Special Briefing
Scott Gration
Special Envoy to Sudan
Washington, DC
June 17, 2009



MR. KELLY: Good morning. We’re very pleased to have with us today Scott Gration. General Gration grew up in the now Democratic Republic of Congo and Kenya. He served in the Air Force from 1974 to 2006. Among his assignments, in 1995, he was in command of the 4404th Operations Group in Saudi Arabia. In 1996, he was in Turkey and oversaw Operation Northern Watch, which enforced, as you know, the no-fly zone over Iraq. Among his Pentagon assignments, in 2000 and 2001 he was Deputy Director for Operations in the Joint Staff in Washington and was also Director, Strategy Plans and Policy Directorate of the United States European Command in Stuttgart. General Gration speaks Swahili and has a Masters – well, he has a B.A. from Rutgers and a Masters from Georgetown in National Security Studies.

General Gration was appointed as the President’s Special Envoy to Sudan on March 18, 2009, and we’re very pleased to have him with us here today. He’ll make some remarks and then take a few questions.

MR. GRATION: Thank you very much for that kind introduction, and good morning. I appreciate the opportunity to be here today to share some of the things that I’ve learned since becoming the Special Envoy to Sudan. I’ll tell you what we’ve been doing in the last three months, and then I’ll give you an idea of what we plan to do in the next few months.

Since my appointment on the 18th of March I’ve made three overseas trips. The first was to Sudan, where I traveled to Darfur, Juba, Abyei, and to Khartoum. The second was to Sudan’s neighborhood, to Doha, to Cairo, N’Djamena. The last trip was to London and Paris and

Beijing. I’ve learned through these trips that we need to have constructive dialogue with the international community, with all parties in Sudan. We need to have engagement with all parties to save lives in Sudan, to bring about a lasting peace. More suffering in Sudan is simply unacceptable. We need engagement to make a positive difference in Darfur. We need engagement to fully implement the Comprehensive Peace Agreement.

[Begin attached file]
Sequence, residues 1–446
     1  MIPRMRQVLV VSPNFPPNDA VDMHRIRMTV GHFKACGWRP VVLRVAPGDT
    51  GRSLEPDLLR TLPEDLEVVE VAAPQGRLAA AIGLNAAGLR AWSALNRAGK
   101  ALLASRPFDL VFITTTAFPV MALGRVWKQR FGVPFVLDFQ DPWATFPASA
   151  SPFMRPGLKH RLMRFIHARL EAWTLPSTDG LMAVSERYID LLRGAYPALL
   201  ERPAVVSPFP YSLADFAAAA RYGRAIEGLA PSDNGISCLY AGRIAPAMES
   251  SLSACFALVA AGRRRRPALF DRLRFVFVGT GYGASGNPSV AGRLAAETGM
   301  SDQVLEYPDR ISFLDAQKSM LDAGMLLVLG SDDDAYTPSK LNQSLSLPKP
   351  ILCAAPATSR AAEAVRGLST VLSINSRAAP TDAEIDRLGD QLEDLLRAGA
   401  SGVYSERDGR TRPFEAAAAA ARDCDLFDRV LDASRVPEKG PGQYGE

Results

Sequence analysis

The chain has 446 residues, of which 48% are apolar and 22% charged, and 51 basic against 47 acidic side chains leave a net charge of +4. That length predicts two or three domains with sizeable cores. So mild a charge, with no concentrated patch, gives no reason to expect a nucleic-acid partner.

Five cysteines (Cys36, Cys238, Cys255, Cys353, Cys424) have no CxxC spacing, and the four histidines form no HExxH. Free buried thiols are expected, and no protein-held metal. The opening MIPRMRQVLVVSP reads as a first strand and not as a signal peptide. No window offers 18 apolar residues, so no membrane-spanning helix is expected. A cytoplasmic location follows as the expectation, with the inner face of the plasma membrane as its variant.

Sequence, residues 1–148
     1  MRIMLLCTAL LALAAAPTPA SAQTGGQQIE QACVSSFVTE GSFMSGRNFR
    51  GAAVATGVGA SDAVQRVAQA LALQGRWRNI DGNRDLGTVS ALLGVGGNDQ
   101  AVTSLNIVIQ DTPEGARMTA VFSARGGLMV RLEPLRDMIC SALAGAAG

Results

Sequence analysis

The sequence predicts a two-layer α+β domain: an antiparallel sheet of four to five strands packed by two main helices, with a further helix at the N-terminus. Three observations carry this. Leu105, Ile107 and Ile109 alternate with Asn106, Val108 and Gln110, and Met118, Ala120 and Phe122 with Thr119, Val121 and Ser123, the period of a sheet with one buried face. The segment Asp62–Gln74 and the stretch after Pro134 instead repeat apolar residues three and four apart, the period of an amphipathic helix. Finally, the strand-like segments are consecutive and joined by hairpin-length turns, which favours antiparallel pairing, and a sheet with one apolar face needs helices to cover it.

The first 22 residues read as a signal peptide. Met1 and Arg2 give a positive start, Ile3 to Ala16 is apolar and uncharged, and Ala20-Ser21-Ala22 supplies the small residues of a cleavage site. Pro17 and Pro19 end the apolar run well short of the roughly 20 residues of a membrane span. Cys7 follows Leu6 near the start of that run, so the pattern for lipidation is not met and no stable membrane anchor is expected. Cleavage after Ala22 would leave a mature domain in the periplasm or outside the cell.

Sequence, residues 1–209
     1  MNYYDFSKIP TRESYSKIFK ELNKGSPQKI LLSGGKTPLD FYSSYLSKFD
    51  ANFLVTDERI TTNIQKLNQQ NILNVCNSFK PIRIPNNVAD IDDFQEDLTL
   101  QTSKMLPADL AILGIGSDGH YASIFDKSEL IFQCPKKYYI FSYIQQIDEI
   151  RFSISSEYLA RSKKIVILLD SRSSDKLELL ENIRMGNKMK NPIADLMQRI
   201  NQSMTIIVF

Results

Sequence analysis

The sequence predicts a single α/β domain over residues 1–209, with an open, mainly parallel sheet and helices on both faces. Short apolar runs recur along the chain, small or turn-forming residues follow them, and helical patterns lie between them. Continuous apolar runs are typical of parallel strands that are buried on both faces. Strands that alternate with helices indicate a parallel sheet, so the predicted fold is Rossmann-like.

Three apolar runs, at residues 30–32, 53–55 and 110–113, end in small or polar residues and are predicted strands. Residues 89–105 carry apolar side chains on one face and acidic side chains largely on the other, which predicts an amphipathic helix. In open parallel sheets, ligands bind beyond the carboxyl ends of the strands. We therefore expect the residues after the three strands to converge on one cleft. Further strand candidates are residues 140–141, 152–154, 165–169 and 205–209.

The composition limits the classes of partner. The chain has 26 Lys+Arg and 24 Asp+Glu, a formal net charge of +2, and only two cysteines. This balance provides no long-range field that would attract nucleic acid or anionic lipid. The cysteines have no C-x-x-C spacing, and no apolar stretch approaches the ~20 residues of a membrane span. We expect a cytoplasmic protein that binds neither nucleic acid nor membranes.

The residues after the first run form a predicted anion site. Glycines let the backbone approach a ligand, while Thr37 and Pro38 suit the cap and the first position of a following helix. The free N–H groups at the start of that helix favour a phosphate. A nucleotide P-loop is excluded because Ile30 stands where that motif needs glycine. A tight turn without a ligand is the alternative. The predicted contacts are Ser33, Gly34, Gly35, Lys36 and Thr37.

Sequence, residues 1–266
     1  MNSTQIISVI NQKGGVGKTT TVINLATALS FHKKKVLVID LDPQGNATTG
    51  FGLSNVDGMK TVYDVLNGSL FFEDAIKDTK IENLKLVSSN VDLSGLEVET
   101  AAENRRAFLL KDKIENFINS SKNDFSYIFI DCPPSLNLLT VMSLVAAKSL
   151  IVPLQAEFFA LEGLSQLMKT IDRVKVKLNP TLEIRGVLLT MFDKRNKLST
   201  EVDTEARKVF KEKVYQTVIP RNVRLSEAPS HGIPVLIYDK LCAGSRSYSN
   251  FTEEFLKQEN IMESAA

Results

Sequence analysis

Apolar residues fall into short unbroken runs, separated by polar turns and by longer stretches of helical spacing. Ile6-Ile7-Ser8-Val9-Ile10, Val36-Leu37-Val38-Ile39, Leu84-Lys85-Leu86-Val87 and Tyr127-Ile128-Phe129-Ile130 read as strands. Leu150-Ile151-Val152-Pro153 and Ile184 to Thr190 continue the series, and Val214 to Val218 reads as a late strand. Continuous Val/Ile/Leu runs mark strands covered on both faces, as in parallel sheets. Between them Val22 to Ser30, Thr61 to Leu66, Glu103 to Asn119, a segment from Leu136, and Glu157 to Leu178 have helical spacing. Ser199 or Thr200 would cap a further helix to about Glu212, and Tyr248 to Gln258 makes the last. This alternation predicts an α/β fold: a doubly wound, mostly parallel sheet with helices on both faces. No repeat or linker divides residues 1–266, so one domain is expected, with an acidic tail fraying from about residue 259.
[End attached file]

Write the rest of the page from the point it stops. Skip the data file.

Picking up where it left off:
This isn’t about discussions only. It’s about making a difference in the lives of the Sudanese people. It’s about getting results.

Our initial efforts to build multiple channels of dialogue have produced some positive results. We’ve been able to work with the Government of Sudan and NGOs and the United Nations to restore humanitarian assistance capacity in Darfur. Three new NGOs are joining the international humanitarian assistance team in Darfur. Along with that, the UN and remaining NGOs have been able to increase their capacity. And we’ve essentially closed the humanitarian gap that existed in Darfur when the 13 NGOs were expelled.

The situation remains fragile, and the short-term interventions by USAID and its partners still need to be strengthened. The constructive dialogue will also help us negotiate a ceasefire in Darfur so that the people living in IDP camps and refugee camps have the opportunity to move back to a place of their own choosing and to be able to live in safety and security and dignity.

This dialogue engagement is also helping us in the second round of the talks in Doha, a process that’s designed to produce a political settlement to Darfur, a process that is designed to improve relations between Chad and Sudan, and to stop the fighting and violence that has been so disruptive. The dialogue and engagement will also be critical as we implement all the aspects of the Comprehensive Peace Agreement.

Before the referendum for self-determination is held on January 2011, we have a lot of work to do. We have to secure agreements on border demarcations, wealth sharing, power sharing. In addition, we have to make sure that all parties are involved to ensure that places like Abyei do not become the next war zone in Sudan. To successfully tackle these challenges, we need the support of the international community. We must continue to deepen and broaden international coordination in Sudan.

One initiative in this direction is the Forum for Supporters of the CPA. This event that will be held on the 23rd is an event where we will bring together over 30 countries and organizations to help restore that international commitment and to rekindle the passion that we had in Naivasha in 2005 when the CPA was signed.